The Wells-Barkerville area of the Cariboo has produced millions of dollars in gold from both placer and lode types of deposits. On Lightning Creek many millions in gold were produced from deep placer operations in the creek. Upstream on Lightning Creek, the rich surface placer deposit known as “Butchers Bench” produced many millions in gold. The Burns Mountain area located some two kilometres south, contains numerous quartz veins with gold mineralization. The area has been extensively prospected over the year’s and no doubt was the source of the placer gold found in the general area.
Lode gold production started in 1933 from the Cariboo Gold Quartz Mine at Wells, B.C. During the period January 10, 1933 through April 15, 1967 when the mine was closed down, some 2,929,256 tons of ore grading an average of 0.4 ounces per ton, produced a total of 1,253,683 ounces of gold. Lode gold is now being produced by the Mosquito Creek Mine primarily from replacement type ore bodies in the Richfield Formation. The mine is located northwest of the two older mines, all within a mile of the town of Wells.
Photo Of Devil’s Canyon
In 1859 placer gold was discovered along the Quesnel River approximately 50 km south of the Wingdam. That discovery sparked the Cariboo gold rush which began in 1860 and lasted for five years. Placer discoveries made during that rush resulted in an estimated 3 million ounces of placer gold being mined in the Cariboo (Boyle, 1979). In addition, from 1933 to 1953 over 840,000 ounces of lode gold was produced from the famous Cariboo Gold Quartz Mine at Wells and the Island Mountain Mine, near Barkewille, B.C. During the heyday of placer mining, the lower portions of Lightning Creek were one of the richest placer creeks in the Cariboo. Because of this the Wingdam (Lightning Creek) prospect has had considerable underground development take place along the bedrock-gravel interface; however, only modest surface stripping and pitting has taken place for lode-type deposits. The only known showing, Free Lance vein, is located 2 km downstream of Wingdam and is reported to have been exposed, at three different points along its 70 m strike length, by shallow pits. The main structure is described as being a 0.6 to 1.5 m wide quartz vein which lies parallel to the bedding and is sparsely mineralized with pyrite and galena and returned only trace amounts of gold and silver.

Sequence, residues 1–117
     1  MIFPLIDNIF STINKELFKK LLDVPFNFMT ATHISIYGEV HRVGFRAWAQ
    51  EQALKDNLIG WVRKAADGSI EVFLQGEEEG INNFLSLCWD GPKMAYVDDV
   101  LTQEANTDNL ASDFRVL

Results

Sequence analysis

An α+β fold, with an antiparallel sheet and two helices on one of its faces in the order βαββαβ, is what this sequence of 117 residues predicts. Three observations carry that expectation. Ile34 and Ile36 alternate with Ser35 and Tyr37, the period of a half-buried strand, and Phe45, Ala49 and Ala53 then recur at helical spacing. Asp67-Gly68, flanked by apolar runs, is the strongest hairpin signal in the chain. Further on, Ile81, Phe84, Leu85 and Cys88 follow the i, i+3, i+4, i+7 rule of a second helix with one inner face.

Old Cariboo Sketch Map Showing Lightning Creek
There were many famous claims on Lightning Creek that yielded impressive amounts of gold. The largest nugget found in the Cariboo weighed 30 ounces and came from the Butcher claim on Lightning Creek.
In the summer of 2008, a retired couple from Ontario drove out to B.C. for a holiday. It was the first time they had both the time and money to do any traveling outside the province. Not only were they looking forward to seeing British Columbia’s scenery they were also especially looking forward to visiting Barkerville.
Like most tourists visiting the world renowned historical site, they tried their hand at gold panning for the first time and immediately became ‘prospecting enthusiasts.’ Enchanted by the history of the Caribou gold rush combined with a little bite from the ‘gold bug’, they were inspired to purchase two plastic gold pans and extend their visit to the area for a few days.
The couple spent a couple of days simply traveling around to the lesser commercialized historical sites trying their hand at panning the creeks and streams as the explored. It was on Lightning Creek, somewhere near the old town-site of Van Winkle, where they decided to pan an old tailing pile left by miners decades before. In three days they recovered 7 ounces of gold. The gold was fine but plentiful with flakes as large as 3 grams.